• Be sure to get plenty of rest. You may feel more tired than usual. Try to get good, restful sleep at night. Severe tiredness, called fatigue, may last for many weeks after treatment ends.
  • Eat a balanced, healthy diet. Depending on the part of your body getting radiation, your cancer care team may suggest changes in your diet. You can learn more about eating well in Nutrition for the Person With Cancer During Treatment.
  • Tell your cancer care team about all medicines and supplements you’re taking. Give your team a full list of everything you take and how often you take it, even things aspirin, vitamins, or herbs. Don’t forget the ones you take only when you need them, such as sleep aids, antacids, headache remedies, and antihistamines.
  • Take care of the skin in the treatment area. If you get external radiation therapy, the skin in the treatment area may become more sensitive or look and feel sunburned. Ask your cancer care team before using any soaps, lotions, deodorants, medicines, perfumes, cosmetics, powder, or anything else on the treated area. Some of these products may irritate sensitive skin.

How will I feel emotionally?

Many patients feel tired during radiation therapy, and this can affect emotions. You also might feel anxious, depressed, afraid, angry, frustrated, alone, or helpless.

It’s normal to have these kinds of feelings. Living with cancer and going through treatment is stressful. We have a lot of information that can help you understand and manage the emotional changes that often come with cancer and cancer treatment.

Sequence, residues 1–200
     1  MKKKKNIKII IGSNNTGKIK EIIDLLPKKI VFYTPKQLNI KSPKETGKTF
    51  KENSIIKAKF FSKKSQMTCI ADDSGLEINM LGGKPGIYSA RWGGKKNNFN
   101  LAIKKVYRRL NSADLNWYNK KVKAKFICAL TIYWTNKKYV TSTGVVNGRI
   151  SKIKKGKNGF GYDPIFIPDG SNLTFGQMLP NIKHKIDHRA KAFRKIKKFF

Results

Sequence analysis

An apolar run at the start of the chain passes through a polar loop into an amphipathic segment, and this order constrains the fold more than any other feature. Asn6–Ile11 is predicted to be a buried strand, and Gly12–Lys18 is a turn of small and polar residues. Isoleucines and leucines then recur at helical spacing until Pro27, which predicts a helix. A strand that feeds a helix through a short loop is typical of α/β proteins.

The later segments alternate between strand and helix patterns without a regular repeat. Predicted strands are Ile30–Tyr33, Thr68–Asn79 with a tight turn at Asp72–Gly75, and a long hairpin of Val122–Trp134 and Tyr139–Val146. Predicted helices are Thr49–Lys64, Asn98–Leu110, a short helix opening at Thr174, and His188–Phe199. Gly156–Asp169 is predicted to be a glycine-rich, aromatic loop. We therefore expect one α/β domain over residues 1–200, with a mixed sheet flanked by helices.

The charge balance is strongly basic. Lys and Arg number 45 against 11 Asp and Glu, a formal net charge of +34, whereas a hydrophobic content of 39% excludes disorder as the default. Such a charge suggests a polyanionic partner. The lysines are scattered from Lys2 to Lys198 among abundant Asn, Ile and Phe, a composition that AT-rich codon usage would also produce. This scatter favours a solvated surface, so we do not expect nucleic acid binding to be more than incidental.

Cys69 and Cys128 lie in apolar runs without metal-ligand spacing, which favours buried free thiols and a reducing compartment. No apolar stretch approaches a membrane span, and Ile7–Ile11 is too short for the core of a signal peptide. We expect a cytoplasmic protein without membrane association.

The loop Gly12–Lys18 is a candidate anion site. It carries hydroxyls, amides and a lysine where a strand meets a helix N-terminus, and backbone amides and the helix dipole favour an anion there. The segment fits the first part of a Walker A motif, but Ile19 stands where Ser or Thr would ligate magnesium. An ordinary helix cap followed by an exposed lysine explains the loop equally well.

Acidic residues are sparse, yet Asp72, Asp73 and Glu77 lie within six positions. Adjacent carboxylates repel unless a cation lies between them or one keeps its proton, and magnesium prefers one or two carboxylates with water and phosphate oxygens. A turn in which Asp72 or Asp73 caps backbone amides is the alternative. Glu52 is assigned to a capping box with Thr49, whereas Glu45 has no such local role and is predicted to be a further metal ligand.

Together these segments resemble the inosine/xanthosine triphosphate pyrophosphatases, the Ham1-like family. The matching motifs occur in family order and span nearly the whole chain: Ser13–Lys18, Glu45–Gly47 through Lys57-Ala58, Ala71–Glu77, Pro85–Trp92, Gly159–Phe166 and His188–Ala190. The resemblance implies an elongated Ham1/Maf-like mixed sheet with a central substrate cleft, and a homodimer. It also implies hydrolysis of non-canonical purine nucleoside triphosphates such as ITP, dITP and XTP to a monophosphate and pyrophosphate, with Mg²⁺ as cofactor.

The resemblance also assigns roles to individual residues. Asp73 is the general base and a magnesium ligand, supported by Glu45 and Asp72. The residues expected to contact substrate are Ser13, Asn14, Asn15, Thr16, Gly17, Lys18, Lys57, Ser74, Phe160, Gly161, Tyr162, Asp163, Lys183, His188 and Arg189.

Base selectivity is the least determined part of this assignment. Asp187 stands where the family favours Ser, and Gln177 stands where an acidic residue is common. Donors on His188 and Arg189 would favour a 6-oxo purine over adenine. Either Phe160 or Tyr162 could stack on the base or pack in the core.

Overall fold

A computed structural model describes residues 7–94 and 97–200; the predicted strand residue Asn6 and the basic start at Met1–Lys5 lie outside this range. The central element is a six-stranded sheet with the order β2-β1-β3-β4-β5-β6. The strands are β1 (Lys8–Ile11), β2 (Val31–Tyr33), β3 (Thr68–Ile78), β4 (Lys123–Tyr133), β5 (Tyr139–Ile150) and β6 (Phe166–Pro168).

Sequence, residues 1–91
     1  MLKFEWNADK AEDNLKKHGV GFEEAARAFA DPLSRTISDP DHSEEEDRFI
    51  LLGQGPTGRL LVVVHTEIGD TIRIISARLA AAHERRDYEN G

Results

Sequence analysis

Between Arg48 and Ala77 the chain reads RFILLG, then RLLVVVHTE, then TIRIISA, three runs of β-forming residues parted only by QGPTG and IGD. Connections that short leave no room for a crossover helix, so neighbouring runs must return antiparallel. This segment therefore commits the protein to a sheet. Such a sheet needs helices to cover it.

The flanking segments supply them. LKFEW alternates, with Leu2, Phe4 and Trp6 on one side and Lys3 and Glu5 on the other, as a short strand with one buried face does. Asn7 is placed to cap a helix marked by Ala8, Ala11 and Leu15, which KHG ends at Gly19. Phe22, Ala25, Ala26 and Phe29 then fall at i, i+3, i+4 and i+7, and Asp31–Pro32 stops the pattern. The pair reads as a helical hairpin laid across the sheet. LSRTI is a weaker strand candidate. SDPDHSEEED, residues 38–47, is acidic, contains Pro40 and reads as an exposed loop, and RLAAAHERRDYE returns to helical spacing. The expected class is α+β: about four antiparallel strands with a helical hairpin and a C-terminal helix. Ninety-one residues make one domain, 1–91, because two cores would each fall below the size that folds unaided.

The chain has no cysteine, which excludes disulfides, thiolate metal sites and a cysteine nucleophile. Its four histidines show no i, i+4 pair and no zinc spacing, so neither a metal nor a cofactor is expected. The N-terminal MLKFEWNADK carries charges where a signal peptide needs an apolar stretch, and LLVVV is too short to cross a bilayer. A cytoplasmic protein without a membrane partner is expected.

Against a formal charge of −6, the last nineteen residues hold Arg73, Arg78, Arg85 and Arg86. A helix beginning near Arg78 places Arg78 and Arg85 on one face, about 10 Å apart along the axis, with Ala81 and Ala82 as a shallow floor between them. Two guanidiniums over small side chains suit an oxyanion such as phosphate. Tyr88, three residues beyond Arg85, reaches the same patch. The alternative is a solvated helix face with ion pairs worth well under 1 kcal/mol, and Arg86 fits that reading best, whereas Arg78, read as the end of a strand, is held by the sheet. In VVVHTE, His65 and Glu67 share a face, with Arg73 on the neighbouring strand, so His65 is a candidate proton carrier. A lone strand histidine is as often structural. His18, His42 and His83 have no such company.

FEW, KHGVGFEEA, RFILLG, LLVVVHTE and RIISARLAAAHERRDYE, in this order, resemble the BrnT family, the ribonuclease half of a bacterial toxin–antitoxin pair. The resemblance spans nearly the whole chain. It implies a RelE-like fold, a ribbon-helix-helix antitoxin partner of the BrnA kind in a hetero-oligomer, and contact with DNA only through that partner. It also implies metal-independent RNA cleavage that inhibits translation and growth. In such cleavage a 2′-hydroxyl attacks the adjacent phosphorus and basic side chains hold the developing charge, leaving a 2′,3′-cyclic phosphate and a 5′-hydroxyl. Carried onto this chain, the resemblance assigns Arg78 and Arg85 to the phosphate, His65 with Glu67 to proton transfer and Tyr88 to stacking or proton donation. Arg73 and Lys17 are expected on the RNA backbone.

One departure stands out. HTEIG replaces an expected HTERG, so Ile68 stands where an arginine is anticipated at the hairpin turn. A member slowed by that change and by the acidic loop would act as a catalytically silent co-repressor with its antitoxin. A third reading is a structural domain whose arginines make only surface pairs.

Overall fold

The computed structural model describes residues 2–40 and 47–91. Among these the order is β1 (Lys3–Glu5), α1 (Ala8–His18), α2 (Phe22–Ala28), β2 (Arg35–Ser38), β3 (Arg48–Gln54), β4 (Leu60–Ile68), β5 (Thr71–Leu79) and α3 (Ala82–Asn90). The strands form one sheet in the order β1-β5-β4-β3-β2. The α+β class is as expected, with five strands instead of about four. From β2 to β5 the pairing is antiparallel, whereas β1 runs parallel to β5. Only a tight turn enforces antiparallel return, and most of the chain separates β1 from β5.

Getting involved with a support group and meeting other people with cancer may help. Ask your cancer care team or call the American Cancer Society to learn more about  connecting with others who share your problems and concerns.

Will side effects limit my activity?

Side effects might limit your ability to do some things. What you can do will depend on how you feel. Talk to your cancer care team about this.

Some patients are able to go to work or enjoy leisure activities while they get radiation therapy. Others find they need more rest than usual and can’t do as much.

Your team may suggest you limit activities that might irritate the area being treated.

Common side effects of radiation therapy

Radiation therapy can cause early and late side effects.

  • Early side effects happen during or shortly after treatment. These side effects tend to be short-term, mild, and treatable. They’re usually gone within a few weeks after treatment ends. The most common early side effects are fatigue (feeling tired) and skin changes. Other early side effects usually are related to the area being treated, such as hair loss and mouth problems when radiation treatment is given to this area.
  • Late side effects can take months or even years to develop. They can occur in any normal tissue in the body that has received radiation. The risk of late side effects depends on the area treated as well as the radiation dose that was used. Careful treatment planning can help avoid serious long-term side effects. It’s always best to talk to your radiation oncologist about the risk of long-term side effects.

You can learn more about expected side effects to various areas of the body in How Radiation Therapy Can Affect Different Parts of the Body.